The numbers surrounding college keep growing — and not always in a good way.
More employers expect you to have more degrees.
More students are taking on more debt.
And, perhaps most unfairly, more colleges are failing to meet the needs of the lowest-income students they enroll — while still giving money to more affluent students.
How is that possible?
The study analyzed the net cost of college in the 2013-14 school year for 824 private nonprofit, four-year colleges and 591 public four-year colleges. It focused on incoming freshmen from families with incomes of $30,000 or less.
And the results are pretty shocking…
The Growing Cost of College — for Some
First off, let’s talk public school.
Though it’s often touted as a financially viable option for lower-income students, this report shows that could soon change.
“Nearly half of public four-year colleges examined now leave the most financially needy students on the hook for more than $10,000 per year,” Burd writes.
“Back in 2010-11, only about a third of these public institutions charged the lowest-income students that much.”
If those numbers continue to increase, lower-income students may soon be priced out of public colleges, which is worrisome enough.
But the decreasing aid and rising tuition at public colleges are dwarfed by the numbers at private colleges.
In 2013-14, a whopping 94% of private colleges charged their lower-income students over $10,000, and 72% charged over $15,000 — an amount equivalent to at least 50% of their family’s yearly income.
“It is often the poorest schools that enroll the largest proportion of federal Pell Grant recipients and charge these students high net prices because of their own limited resources,” Burd explains.
Those limited resources have certainly led to some desperate measures…
Because while these schools are decreasing aid for lower-income students, they’re offering it to affluent students!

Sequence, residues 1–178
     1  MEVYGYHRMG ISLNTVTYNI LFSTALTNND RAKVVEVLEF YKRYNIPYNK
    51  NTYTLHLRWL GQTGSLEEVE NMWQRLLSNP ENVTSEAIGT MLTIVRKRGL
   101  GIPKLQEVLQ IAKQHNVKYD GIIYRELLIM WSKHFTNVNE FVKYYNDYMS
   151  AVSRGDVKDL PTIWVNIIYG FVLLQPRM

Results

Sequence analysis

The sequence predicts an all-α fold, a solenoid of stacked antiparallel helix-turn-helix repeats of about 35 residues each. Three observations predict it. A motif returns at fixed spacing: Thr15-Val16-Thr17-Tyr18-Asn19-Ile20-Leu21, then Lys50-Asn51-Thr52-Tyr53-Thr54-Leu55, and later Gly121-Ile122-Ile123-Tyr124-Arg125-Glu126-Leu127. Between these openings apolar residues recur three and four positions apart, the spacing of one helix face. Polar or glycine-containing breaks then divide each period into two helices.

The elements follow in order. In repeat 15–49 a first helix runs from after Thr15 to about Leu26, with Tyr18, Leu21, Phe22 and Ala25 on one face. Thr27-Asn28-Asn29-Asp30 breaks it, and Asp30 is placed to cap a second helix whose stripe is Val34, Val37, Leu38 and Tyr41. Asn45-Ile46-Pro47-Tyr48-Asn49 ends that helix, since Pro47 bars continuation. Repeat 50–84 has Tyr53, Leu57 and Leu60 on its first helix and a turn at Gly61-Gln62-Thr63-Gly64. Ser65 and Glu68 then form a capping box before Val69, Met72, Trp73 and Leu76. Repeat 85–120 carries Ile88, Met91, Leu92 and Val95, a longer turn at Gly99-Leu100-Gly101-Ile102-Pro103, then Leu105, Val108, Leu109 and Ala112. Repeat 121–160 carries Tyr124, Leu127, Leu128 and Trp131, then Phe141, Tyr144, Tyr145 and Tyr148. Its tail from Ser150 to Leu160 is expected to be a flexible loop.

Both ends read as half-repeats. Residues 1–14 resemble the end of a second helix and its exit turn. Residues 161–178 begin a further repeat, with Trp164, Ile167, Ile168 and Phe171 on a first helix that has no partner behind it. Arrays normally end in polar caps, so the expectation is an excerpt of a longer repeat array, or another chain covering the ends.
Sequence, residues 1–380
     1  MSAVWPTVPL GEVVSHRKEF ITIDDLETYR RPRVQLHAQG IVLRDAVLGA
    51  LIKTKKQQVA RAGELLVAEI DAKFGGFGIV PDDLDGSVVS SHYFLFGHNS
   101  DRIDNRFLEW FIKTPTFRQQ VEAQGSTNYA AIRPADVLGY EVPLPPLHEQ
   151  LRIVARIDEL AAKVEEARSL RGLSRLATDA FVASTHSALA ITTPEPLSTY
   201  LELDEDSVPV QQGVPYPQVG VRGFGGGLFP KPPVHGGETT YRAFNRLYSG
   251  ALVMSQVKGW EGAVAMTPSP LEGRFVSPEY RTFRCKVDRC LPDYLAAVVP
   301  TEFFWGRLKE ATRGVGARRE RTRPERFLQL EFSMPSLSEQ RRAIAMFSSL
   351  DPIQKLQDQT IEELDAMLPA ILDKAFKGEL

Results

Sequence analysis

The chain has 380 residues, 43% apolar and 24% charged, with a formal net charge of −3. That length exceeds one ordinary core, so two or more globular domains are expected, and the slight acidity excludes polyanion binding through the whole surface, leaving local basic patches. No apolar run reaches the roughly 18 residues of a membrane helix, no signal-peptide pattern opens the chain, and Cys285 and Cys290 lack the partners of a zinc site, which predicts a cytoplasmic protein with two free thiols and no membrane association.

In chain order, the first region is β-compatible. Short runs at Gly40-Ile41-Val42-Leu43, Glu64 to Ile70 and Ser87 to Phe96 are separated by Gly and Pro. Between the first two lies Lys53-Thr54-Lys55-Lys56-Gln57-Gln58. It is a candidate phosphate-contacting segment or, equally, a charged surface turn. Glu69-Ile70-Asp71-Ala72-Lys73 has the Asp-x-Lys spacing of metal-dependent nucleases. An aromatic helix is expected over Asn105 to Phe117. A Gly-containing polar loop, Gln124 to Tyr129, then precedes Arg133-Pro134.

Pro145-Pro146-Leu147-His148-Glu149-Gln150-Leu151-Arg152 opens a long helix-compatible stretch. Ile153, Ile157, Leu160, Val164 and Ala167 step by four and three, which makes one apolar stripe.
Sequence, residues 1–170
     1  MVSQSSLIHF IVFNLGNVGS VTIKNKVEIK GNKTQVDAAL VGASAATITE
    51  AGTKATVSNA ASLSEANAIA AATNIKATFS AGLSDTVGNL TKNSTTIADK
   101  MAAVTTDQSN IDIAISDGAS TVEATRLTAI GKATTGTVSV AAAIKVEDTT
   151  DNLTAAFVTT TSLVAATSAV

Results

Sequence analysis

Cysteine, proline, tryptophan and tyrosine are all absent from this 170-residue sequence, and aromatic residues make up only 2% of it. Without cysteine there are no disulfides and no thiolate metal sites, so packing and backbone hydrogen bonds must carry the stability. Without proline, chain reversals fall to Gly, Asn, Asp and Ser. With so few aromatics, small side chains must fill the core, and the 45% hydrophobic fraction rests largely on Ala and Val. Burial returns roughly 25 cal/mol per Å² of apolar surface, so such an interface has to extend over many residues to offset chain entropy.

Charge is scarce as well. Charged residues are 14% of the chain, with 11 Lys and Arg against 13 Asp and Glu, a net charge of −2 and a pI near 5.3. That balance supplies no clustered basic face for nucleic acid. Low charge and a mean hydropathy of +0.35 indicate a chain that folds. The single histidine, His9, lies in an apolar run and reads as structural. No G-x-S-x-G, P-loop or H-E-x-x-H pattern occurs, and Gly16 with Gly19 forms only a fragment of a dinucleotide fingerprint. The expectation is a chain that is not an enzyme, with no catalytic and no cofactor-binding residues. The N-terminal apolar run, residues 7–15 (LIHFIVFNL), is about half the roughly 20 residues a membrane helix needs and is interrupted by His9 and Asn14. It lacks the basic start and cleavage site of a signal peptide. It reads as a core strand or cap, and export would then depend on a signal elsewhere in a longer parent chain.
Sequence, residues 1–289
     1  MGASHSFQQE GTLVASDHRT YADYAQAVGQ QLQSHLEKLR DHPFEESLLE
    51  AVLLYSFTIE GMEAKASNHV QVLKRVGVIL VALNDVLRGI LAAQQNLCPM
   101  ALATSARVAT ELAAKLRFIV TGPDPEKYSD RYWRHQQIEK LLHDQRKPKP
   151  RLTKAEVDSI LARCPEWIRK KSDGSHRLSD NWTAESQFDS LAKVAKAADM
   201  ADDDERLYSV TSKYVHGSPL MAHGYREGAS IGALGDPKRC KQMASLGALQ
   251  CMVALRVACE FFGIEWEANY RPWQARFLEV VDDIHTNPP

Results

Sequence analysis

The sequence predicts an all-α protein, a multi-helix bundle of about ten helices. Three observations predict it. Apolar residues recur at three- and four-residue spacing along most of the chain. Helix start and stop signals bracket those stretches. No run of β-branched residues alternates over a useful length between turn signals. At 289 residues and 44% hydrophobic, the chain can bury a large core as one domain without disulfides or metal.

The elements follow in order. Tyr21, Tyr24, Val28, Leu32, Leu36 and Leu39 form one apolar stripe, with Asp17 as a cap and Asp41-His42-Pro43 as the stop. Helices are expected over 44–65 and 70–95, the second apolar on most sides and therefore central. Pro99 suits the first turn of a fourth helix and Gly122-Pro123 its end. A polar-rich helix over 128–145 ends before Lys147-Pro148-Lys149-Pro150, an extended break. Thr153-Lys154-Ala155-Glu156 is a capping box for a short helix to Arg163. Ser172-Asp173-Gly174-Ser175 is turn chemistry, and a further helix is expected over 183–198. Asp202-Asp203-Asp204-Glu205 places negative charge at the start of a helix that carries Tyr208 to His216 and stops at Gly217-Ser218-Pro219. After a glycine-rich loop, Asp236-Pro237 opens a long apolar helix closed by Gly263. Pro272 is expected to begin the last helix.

“School officials believe it is necessary for the institutions’ survival,” Burd writes.
“It’s more profitable for schools to provide five ‘merit’ scholarships of $5,000 each to entice affluent students who will be able to pay the balance — even if they have less than stellar grades — than it is to provide a single $25,000 grant to a high-achieving low-income student,” he explains.
I mean, from a business standpoint, it makes sense. But these are nonprofit educational institutions — not corporations.
Doesn’t it make your blood boil to think an affluent student with an average GPA could receive aid over a low-income student at the top of their class?
“These actions fly in the face of national goals to increase access to higher education and help more students earn high-quality degrees,” writes Burd, and I bet most of you would agree.
What Can You Do to Lower the Cost of College?
Thankfully, the study doesn’t just bear bad news; it also lists the private and public colleges with the lowest net price for lower-income students.
If you’re wondering where to go to college, these schools might be a good place to start.
We’ve talked before about how some of the most elite schools offer the best financial aid, and these lists underscore that fact. (In other words, keep studying, and don’t be afraid to put a dream school on your list!)
Other ways to fund college?
Your Turn: How do you plan to get around the rising cost of college?
Susan Shain, senior writer for The Penny Hoarder, is always seeking adventure on a budget. Visit her blog at susanshain.com, or say hi on Twitter @susan_shain.